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  • \$\begingroup\$ You might rule that they have full cover (e.g. if the ranged characters reasonably could not see them at all). It seems to me that firing past five other party members would be rather difficult, unless they all agreed to step to one side of the corridor. Also, the door is probably narrower than 5ft. \$\endgroup\$ – Ladifas May 29 '16 at 8:32
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    \$\begingroup\$ Yeah, this covers what I was going to post, essentially: It isn't the DM's job to make the players play strategically. You can hint directly or even toss in a combat with kobolds or goblins who are clever enough to maneuver to teach a thing or two. \$\endgroup\$ – The Nate May 29 '16 at 18:46
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    \$\begingroup\$ Most of your suggestions are good ones, but Guidance only applies to ability checks, a distinct category in 5e that doesn't include attack rolls or saving throws. \$\endgroup\$ – SirTechSpec May 30 '16 at 3:51
  • \$\begingroup\$ I thank you for the insult to our intelligence. However, you were not in the session, and so how would you know your generic would apply? I was able to prove why all of your suggestions would have been useless in the situation at hand, and Ladifas' only disagreement with me was that I may have misinterpreted the use of point #2. I would also like to point out that the real problem was that the ranged characters could not enter the room without being next to monsters, and they could not fire through the monsters at all, as our DM ruled that any monster standing behind another has full cover. \$\endgroup\$ – Vulpes Inculta May 30 '16 at 8:37
  • \$\begingroup\$ @VulpesInculta I apologise for my thoughtless slight, I have amended my answer. I was not there and I do not know which options were available. Some do depend on particular classes or levels but many do not, additionally, the list is not intended to be comprehensive, merely illustrative of the fact that there is more than one way to kill a cat, or a skeleton. Your DMs word is, of course, law but your DM was wrong - the rules clearly indicate that one creature gives half cover (+2 AC) and after that he could rule however he chooses. \$\endgroup\$ – Dale M May 30 '16 at 9:52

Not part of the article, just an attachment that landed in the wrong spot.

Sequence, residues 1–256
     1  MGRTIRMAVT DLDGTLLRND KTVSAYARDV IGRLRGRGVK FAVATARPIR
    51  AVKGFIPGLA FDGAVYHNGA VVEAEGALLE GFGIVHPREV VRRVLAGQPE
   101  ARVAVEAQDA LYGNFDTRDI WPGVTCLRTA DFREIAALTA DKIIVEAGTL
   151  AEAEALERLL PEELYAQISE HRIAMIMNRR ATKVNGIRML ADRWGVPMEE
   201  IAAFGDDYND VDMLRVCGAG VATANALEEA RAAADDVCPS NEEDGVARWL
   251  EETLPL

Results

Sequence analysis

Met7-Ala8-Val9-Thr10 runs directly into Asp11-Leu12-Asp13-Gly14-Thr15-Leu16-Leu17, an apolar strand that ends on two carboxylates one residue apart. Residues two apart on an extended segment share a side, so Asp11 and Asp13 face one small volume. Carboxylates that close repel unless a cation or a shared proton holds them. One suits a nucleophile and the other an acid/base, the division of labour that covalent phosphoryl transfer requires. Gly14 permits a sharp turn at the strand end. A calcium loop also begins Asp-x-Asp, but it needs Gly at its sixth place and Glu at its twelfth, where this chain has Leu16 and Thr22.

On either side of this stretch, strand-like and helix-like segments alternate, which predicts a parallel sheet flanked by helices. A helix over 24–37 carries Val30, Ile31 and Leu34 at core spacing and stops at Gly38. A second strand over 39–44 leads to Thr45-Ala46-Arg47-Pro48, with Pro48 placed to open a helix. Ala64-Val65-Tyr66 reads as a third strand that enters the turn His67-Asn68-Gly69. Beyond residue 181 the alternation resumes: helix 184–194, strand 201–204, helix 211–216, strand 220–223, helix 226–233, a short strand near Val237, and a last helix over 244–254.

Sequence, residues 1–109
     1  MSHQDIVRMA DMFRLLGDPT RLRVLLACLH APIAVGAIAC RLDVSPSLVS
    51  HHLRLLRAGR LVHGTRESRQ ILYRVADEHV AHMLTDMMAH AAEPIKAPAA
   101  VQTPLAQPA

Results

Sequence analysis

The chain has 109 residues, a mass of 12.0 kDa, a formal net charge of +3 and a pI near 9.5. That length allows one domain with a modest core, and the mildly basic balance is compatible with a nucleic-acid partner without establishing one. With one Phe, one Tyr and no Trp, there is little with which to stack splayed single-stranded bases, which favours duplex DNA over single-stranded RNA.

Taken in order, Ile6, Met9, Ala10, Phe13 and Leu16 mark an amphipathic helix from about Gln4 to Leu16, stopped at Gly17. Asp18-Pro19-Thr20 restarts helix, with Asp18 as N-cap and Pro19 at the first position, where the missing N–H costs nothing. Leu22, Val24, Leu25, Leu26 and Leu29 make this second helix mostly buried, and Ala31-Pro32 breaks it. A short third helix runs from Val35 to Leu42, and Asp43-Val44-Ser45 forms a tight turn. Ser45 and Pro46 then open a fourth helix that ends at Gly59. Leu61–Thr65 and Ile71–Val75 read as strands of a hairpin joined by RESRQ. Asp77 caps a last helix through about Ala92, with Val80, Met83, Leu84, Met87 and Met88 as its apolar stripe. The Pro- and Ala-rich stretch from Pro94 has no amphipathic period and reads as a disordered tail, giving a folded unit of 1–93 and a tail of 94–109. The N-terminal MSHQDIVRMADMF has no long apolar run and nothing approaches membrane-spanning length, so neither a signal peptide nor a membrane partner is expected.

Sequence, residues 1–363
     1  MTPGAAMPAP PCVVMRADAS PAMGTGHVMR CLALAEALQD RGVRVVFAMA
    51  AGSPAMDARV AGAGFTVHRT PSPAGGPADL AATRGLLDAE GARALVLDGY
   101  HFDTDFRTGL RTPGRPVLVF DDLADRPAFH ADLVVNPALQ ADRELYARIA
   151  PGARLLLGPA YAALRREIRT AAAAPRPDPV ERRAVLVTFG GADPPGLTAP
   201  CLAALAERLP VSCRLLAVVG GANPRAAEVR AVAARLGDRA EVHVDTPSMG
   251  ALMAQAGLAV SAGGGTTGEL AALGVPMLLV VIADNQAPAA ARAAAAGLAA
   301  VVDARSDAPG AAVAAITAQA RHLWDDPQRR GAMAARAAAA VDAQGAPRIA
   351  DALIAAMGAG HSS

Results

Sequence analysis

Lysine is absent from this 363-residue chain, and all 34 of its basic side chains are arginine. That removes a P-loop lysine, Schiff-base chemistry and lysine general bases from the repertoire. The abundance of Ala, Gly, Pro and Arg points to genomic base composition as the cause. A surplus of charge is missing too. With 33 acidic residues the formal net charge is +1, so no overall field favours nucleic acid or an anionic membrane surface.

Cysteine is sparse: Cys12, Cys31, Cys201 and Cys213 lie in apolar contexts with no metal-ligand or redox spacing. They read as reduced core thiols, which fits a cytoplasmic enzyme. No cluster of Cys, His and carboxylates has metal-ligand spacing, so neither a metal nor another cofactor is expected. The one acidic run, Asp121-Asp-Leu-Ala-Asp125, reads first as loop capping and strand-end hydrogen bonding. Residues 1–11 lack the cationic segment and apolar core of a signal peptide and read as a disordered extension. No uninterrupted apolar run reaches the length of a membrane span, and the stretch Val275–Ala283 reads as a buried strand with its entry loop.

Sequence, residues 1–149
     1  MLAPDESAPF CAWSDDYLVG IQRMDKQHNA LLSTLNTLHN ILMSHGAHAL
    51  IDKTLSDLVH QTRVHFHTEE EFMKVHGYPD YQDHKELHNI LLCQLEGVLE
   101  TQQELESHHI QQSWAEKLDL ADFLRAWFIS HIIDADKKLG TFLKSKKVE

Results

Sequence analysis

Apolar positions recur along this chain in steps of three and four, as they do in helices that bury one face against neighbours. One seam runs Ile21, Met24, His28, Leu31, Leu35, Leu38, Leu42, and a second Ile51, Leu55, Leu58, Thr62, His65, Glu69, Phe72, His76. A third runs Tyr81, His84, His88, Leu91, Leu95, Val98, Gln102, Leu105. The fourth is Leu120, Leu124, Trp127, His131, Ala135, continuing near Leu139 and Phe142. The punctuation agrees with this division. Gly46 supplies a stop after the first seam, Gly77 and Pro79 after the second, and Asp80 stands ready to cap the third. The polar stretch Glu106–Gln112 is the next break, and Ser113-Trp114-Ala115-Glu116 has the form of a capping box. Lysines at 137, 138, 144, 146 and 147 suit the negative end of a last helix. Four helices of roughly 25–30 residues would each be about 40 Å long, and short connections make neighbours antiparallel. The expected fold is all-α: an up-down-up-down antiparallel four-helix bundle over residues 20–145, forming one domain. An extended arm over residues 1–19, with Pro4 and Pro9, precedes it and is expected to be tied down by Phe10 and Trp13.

The simplest answer here is to stop using so many 5 foot corridors. They might have their uses realistically, and indeed you may want to force your players into this kind of situation where they are vulnerable from time to time, but if this is really a problem for your party, stop subjecting them to it. There's almost no reason you need to use so many and your world's verisimilitude is not in danger here, especially if you can find a good reason for it. A good reason could be the presence of any large-sized creature. They can't move through a 5 foot corridor, so a larger 10 foot corridor would make sense.

As Dale M pointed out, if your players are getting stuck, they're not doing the smartest thing they can do. For one, they can move through each other's squares as long as they don't land there and the only person in danger would be whoever is in front to take the attack of opportunity from the skeleton. Yes, a tactical retreat into an open area, if that's truly what they want: a better way to fight skeletons. The hallway could work equally well for them if they reverse the situation on the other end.

Suffice it to say, it's out of your hands unless you straight up tell them how to play. You can teach them a lesson, but I'm not in favor of punishing the party any further than they might be punishing themselves here. Surely these corridors, if they are such a problem, are the topic of discussion amongst the party? I believe in any group's ability to overcome these obstacles. Give them time! And if they don't care, then it isn't actually a problem. It might bother you, but if it doesn't bother your players, then it's not worth fussing over.

In the mean time, if you want to stop the party from getting stuck, stop creating areas where they can get stuck.

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    \$\begingroup\$ There's no need to "straight up tell them how to play" - just set up a situation where the roles are reversed --- mobs in the corridor and the players in the room --- and play the mobs "right". The players will probably get the right idea for next time once they've been bullrushed out of the way once or twice. \$\endgroup\$ – Michael Anderson May 30 '16 at 3:33